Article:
Allan Hubley

From Infogalactic: the planetary knowledge core
Jump to: navigation, search

Allan Hubley is a municipal politician in Ottawa, Ontario, currently an Ottawa City Councillor for Kanata South Ward. He first ran in the Ottawa municipal election, 2006, finishing second with 5,700 votes in Kanata South, and was elected in the 2010 election with nearly 7,000 or 48.7% of the votes cast. He was re-elected in 2014 with 9,700 or 85.4% of the votes cast which was the highest percentage of votes for any candidate in the election.[1]

Born and raised in Annapolis Royal, Nova Scotia, Hubley first moved to Kanata in 1978 and has been active in his community for many years. During a ceremony at City Hall in 2007, Hubley was recognized for his extensive community service in Kanata South and across the city and was named the Citizen of the Year for the City of Ottawa.

In 2008, Hubley was chosen by the Governor General of Canada to receive the Caring Canadian Award at Rideau Hall for his community and volunteer work.


Hubley is married to Wendy Barber. The couple have had three children.[2]

On October 14, 2011, Hubley's 15-year-old son Jamie committed suicide,[3] likely as a result of his depression and being subjected to anti-gay bullying at his high school.[4] An "It Gets Better" video dedicated to Hubley was posted by a contingent of Conservative Party of Canada MPs,[5][6] and comedian Rick Mercer made a statement about it on his CBC television program Rick Mercer Report.[7] Drake Jensen, a gay Canadian country singer, also dedicated his 2012 single "On My Way to Finding You" to Hubley's memory.[8]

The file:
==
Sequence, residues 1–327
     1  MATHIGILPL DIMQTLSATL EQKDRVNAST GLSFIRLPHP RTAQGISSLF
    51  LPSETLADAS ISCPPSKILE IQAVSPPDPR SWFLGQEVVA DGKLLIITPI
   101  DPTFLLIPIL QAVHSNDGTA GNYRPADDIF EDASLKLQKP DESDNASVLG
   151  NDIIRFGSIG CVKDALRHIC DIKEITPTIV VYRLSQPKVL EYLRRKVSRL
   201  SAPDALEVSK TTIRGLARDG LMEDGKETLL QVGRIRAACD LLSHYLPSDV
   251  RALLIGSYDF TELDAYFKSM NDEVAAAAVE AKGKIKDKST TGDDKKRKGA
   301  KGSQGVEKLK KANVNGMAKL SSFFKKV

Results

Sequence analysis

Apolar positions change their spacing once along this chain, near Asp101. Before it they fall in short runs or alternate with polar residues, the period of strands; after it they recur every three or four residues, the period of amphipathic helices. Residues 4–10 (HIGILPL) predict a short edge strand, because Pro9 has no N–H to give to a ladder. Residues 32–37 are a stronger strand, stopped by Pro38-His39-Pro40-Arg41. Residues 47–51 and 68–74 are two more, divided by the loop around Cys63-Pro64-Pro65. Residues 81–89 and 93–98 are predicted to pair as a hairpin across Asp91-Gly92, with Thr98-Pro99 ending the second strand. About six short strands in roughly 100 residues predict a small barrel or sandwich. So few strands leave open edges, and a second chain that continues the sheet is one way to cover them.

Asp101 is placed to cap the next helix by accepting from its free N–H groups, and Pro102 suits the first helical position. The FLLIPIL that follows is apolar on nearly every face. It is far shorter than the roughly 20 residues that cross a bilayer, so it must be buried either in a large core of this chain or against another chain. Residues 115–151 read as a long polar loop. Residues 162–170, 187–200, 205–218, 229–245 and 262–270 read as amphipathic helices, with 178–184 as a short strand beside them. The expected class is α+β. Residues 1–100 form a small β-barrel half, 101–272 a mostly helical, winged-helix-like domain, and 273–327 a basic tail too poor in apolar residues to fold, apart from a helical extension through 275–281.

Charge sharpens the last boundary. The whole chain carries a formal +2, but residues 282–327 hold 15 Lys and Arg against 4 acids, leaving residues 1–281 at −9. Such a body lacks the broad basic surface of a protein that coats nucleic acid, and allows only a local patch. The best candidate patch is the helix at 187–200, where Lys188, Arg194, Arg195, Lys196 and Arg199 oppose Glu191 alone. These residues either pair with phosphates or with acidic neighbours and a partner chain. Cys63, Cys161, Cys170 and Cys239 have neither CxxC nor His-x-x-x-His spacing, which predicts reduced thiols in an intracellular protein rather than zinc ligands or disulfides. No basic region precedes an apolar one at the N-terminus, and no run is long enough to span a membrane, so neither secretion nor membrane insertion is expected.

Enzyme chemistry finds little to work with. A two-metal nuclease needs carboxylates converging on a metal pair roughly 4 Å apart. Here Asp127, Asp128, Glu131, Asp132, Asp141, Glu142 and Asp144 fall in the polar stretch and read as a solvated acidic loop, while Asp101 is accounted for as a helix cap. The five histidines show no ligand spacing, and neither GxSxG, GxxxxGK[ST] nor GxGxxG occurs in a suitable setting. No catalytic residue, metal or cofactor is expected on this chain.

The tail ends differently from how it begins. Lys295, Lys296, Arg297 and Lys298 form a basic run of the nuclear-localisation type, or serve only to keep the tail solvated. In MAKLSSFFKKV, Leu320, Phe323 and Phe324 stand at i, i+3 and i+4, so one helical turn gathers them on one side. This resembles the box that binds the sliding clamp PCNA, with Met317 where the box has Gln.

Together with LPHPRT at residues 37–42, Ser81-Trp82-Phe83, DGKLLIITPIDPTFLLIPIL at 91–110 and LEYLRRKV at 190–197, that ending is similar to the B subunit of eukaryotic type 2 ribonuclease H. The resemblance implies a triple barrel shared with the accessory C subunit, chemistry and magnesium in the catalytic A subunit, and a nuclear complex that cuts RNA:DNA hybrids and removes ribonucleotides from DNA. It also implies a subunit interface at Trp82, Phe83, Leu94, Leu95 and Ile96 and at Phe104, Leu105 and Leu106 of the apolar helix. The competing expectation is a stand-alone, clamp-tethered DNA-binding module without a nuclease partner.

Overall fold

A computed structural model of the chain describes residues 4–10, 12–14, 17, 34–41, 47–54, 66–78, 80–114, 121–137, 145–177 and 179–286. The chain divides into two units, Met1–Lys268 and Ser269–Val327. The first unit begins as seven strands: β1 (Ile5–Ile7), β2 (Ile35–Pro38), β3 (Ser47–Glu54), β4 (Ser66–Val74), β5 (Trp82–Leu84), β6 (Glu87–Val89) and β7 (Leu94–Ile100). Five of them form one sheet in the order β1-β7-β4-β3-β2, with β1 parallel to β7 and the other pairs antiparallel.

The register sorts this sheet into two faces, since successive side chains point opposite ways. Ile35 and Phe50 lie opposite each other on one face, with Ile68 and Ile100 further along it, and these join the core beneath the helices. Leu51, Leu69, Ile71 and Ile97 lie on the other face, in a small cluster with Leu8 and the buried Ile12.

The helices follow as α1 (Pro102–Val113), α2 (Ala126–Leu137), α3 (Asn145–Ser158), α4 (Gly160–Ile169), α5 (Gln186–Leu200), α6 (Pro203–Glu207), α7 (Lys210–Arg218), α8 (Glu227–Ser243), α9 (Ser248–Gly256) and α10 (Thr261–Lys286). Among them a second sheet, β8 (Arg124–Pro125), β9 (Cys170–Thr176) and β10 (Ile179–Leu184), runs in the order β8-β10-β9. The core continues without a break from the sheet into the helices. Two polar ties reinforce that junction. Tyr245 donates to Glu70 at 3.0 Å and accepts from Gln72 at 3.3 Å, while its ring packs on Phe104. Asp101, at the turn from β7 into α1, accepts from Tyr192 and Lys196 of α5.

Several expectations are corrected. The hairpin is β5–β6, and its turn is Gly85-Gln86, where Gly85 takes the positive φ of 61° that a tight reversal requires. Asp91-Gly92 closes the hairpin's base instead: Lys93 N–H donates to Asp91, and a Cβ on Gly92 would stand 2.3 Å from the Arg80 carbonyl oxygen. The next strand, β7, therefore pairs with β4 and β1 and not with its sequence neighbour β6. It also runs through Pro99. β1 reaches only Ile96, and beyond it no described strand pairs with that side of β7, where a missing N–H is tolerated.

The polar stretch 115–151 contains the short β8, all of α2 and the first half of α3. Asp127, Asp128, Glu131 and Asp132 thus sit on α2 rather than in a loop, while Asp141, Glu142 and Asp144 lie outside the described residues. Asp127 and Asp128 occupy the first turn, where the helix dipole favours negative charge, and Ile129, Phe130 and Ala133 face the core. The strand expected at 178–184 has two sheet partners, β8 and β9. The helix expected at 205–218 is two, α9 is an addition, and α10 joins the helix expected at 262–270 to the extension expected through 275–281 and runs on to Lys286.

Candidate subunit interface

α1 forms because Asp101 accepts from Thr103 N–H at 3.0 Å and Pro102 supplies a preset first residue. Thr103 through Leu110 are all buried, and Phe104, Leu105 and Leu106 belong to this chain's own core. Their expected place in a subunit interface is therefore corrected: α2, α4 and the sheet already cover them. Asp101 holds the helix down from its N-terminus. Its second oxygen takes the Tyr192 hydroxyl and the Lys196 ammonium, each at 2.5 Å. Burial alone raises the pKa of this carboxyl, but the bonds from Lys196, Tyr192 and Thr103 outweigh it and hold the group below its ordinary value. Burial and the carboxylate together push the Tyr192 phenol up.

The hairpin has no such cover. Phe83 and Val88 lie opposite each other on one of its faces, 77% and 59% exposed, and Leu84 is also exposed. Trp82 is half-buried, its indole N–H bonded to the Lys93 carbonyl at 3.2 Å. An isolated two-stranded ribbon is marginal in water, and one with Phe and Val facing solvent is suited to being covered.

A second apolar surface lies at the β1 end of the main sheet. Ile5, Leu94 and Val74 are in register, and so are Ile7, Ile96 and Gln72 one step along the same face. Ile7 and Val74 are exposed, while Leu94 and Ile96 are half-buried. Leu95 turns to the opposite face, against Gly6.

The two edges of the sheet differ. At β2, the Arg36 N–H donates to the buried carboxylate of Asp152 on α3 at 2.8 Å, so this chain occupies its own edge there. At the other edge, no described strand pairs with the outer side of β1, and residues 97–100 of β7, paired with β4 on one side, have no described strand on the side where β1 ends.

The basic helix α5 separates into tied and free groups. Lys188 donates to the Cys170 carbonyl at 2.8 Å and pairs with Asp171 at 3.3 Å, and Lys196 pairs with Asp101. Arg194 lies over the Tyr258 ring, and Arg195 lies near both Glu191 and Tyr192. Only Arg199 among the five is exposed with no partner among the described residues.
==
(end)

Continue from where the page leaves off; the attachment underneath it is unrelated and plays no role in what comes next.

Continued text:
Jamie Hubley's death was the impetus for the Accepting Schools Act, 2012, an act of the Legislative Assembly of Ontario which mandated school boards across the province to develop tougher anti-bullying programs with tougher penalties for infractions, and offered legal protections for gay-straight alliances in the province's schools.[9]

On June 3, 2013, Allan Hubley and Laureen Harper announced a new federal anti-bullying strategy, which will see approximately 2,400 teenagers across Canada trained in delivering peer education workshops and presentations against bullying for their fellow students.[10]


  1. "About Allan Hubley". Archived from the original on 11 March 2010. Retrieved April 18, 2010.<templatestyles src="Module:Citation/CS1/styles.css"></templatestyles>
  2. About Allan on
  3. "Hubley family statement: 'Bullying was definitely a factor'". Ottawa Citizen. Oct 17, 2011.<templatestyles src="Module:Citation/CS1/styles.css"></templatestyles>
  4. Hubley, Allan (Jan 7, 2012). "Teens' clubs don't need politicians' labels". Ottawa Citizen.<templatestyles src="Module:Citation/CS1/styles.css"></templatestyles>
  5. "Bullied teen Jamie Hubley remembered as 'natural-born' performer at funeral". National Post. Oct 20, 2011.<templatestyles src="Module:Citation/CS1/styles.css"></templatestyles>
  6. "It Gets Better - In Memory of Jamie Hubley". Oct 20, 2011. Retrieved Oct 24, 2011.<templatestyles src="Module:Citation/CS1/styles.css"></templatestyles>
  7. "Rick Mercer's television rant against the bullying of gay teens goes viral". Winnipeg Free Press. Oct 28, 2011.
  8. "Ottawa country singer dedicates video to Jamie Hubley". Ottawa Citizen. Retrieved 14 May 2012.<templatestyles src="Module:Citation/CS1/styles.css"></templatestyles>
  9. "Anti-bullying bill passes, clearing way for gay-straight alliances in Ontario schools". The Globe and Mail, June 5, 2012.
  10. "Feds pledge $250K to youth-led anti-bullying project". CBC News, June 3, 2013.

External links